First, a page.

The team has also spent a lot of time sourcing individual components. "If you like electronics," he said, "go to Shenzhen." The city is home to countless electronic supply markets that are "ehh ... I'll say 'gray' markets," he joked. Searching for surplus part lots that are in large quantity compared to what Novena needs, but are leftovers to major manufacturers like Foxconn, saved the project considerable money. Experience with the earlier devices and proximity to China helped a lot.
On the software side, Cross said that the team decided to build Novena on ARM because they already had experience with it, and because an ARM-based machine could be used to compile software for virtually every mobile device on the market today—without requiring a cross-compiler. They chose the Freescale chip they use because it is the best documented: there are 5,827 pages of official documentation available on the web, all without requiring any non-disclosure agreement.
That said, he also reported that working with vendors' official board-support packages (BSPs) was not as smooth as it could be. BSPs tend to come with a specific bundle of "supported" modules (the kernel, Xorg, GStreamer, SurfaceFlinger, etc.). But they are rarely up-to-date and often only work with the other components in the BSP. "They're like off-brand LEGOs: they work okay within the kit, but you can't use them with your other toys." Consequently, the project stopped using vendor BSPs and has been working with upstream, mainline code. It takes longer, but support is much better and "is really long-term."
The development process has meant writing new drivers for several components (such as the onboard temperature sensor), he said, but he has been surprised at how quickly mainline kernel support has caught up. It helps that there are other projects working with the same Freescale parts, including Cubox, the Hummingboard, and the Riotboard.
Sometimes, support work flows in the other direction, too, he said. He pointed out that Freescale subcontracts subsystems like USB and video to other suppliers. In the case of PCIe, the Novena team had to write its own drivers, but discovered subsequently that several Samsung devices use the same PCIe components, so the patch benefits other device makers as well.
At this stage, the Vivante GPU requires a lot of work. As mentioned earlier, only non-free drivers are available for the 2D, 3D, and video cores. Luckily, the Etnaviv project is making progress on a free driver, which he hopes will be usable in the 3.17 or 3.18 time frame. The 3D core support is good, he said, but he wants to be able to use the 2D for as many operations as possible, since it consumes 1% of the 3D core's power.
Debian was chosen as the Linux distribution for the Novena because Debian has strong ties to Tor and the Novena mainboard was initially conceived of as a dedicated Tor platform. But, he added, "I have a spare SSD and a screwdriver with me, so if you want to help me get Fedora running, come talk." In an email, Cross said that he indeed did get Fedora running on the Novena hardware by the end of the event. There were a few stumbling blocks, he said, such as SELinux, but Fedora is now "working as well as Debian." GNOME Shell is not working smoothly yet, due to the 3D driver problems. But he estimates that in six months or so, even that could be solved.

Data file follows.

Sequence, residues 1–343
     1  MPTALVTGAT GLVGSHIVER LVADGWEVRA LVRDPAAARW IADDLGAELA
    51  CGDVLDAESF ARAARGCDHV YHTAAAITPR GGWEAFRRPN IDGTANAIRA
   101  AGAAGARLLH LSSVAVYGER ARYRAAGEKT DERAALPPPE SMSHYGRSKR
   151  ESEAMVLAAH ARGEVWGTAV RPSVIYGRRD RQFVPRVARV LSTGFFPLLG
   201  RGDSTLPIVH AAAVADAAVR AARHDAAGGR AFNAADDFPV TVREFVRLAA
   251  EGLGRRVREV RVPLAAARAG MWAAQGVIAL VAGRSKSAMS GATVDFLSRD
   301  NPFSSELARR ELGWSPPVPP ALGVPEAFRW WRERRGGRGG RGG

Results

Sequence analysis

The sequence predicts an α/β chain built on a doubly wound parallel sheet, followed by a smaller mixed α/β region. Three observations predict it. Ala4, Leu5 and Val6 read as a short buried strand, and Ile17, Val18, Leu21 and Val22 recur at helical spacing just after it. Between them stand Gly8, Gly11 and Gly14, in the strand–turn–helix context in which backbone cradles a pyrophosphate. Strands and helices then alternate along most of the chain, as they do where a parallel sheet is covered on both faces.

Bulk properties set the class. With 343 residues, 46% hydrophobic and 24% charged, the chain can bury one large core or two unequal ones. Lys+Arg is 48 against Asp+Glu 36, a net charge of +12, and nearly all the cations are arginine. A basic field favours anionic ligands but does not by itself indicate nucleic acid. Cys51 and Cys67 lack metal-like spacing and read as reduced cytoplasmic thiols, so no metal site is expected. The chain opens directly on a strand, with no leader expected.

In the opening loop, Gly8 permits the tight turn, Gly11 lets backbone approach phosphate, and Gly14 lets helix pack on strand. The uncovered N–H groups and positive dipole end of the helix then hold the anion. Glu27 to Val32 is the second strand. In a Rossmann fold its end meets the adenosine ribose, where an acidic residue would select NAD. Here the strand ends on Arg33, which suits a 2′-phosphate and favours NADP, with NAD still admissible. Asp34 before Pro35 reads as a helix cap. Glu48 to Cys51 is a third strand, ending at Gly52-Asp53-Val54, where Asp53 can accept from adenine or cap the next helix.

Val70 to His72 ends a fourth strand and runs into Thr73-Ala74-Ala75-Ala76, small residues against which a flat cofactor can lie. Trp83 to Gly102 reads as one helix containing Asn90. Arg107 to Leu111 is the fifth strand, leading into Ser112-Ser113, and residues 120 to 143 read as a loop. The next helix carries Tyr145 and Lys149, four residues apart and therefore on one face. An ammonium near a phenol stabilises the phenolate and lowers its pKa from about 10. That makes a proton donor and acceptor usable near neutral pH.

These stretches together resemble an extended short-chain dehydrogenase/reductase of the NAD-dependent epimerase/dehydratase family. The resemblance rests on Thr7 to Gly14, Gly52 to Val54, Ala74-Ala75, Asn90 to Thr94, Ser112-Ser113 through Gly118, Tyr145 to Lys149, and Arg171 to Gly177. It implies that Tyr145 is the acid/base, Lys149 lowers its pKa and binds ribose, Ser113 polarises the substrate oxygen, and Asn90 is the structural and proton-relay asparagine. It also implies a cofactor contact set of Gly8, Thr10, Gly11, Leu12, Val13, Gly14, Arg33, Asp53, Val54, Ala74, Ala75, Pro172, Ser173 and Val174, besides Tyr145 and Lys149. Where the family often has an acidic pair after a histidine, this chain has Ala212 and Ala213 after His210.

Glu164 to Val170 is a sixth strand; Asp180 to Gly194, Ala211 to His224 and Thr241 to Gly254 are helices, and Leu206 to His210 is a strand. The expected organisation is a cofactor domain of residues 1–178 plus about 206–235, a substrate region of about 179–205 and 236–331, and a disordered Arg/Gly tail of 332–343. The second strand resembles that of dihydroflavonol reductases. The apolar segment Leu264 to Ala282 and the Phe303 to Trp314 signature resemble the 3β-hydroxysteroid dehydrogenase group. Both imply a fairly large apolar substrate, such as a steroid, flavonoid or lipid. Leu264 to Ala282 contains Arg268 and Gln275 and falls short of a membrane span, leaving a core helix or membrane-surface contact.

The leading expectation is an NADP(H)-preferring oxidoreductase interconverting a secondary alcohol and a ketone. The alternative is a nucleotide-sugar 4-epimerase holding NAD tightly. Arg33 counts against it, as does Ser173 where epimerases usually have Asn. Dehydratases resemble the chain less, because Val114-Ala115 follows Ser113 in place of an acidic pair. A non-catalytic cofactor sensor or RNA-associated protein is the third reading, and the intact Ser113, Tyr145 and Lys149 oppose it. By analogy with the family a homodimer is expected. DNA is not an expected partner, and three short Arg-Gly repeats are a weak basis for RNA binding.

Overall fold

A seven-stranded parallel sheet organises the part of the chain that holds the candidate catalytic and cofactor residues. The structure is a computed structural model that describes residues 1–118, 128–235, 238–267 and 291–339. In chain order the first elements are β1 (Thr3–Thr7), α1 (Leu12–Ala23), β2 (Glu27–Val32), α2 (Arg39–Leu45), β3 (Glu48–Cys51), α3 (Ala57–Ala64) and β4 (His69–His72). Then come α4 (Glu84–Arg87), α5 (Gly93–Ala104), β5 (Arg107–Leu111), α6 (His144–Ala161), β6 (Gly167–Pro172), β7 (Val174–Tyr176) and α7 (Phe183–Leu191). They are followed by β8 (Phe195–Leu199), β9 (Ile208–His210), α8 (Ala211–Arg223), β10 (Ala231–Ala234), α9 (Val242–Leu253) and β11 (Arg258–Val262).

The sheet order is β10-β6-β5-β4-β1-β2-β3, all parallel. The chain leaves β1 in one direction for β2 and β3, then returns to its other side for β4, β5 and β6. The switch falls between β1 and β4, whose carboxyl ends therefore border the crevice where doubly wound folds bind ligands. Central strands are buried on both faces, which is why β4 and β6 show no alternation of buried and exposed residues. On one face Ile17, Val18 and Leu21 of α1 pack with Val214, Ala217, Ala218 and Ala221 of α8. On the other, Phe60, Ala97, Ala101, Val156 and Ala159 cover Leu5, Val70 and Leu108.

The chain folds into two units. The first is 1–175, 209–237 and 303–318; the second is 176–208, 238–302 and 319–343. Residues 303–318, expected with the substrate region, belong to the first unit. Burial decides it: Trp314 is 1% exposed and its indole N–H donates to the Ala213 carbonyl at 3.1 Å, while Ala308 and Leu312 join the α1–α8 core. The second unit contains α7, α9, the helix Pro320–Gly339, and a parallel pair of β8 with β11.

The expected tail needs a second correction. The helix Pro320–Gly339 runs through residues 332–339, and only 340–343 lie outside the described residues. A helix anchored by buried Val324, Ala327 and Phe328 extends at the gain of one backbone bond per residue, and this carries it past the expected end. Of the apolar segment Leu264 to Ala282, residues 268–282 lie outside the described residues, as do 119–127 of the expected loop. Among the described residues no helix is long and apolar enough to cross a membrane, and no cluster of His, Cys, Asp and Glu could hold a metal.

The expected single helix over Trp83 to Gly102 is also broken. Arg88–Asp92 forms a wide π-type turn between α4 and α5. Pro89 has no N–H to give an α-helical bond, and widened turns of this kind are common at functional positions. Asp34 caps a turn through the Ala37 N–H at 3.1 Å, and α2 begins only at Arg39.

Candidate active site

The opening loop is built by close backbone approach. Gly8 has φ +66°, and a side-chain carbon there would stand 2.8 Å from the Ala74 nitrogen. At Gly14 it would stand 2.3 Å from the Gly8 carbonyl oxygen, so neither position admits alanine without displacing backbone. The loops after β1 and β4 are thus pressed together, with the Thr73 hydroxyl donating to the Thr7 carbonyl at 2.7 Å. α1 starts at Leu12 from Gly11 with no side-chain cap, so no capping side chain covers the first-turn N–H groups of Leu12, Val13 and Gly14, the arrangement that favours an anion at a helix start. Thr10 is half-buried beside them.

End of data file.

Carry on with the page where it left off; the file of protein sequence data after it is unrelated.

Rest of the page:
Cross ended his talk with a few bits of stray advice he had gleaned from the work on Novena. First, he said, dogfooding is critical. He and Huang use their prototype Novena hardware as their daily machines; it is the only way to make sure that the solutions you work on really get exercised fully. Second, he said, work upstream. Vendor BSPs just aren't robust enough—the Novena hardware has not run Freescale's kernel for a long time.
Third, he advised the developers in the audience to stop assuming that their code was running on the x86 architecture. There are more and more ARM devices on the market, but there are also MIPS, IBM System z, and OpenPOWER boards coming out. They are all Linux, he said, but none are x86: assumptions about byte sizes and endianness need to go. Next, avoid optimization—or at least make sure you have a fallback. You may see some Intel vector instruction set that sounds great, but making your application depend on it will cause trouble for others. Sticking to a higher-level language instead means that anyone can get started—including those on homemade ARM laptops, presumably: the Kosagi wiki lists a few noteworthy examples.
Finally, Cross advised the audience to have fun. There are loads of options at every level of the free software stack, he said, so find a project that you are enthusiastic about.
The Novena hardware is already in production, according to Cross, although the final assembled units are not expected to ship for a while.
Pessimists might say that this means the Novena is not yet an "available" open-hardware device, but it is clearly much closer to completion than many of the other, canceled projects that the community has seen in the past few years. Having experience with prior devices and with the process of working with suppliers in China is clearly a big part of the equation, but there is probably something to be said for outside-the-box approach that Cross and Huang take. The Novena is almost nothing like a commercial laptop, and that is part of why it has so many fans. Which sounds like a good lesson for free software projects as well.
[The author would like to thank the Fedora project for travel assistance to attend Flock 2014.]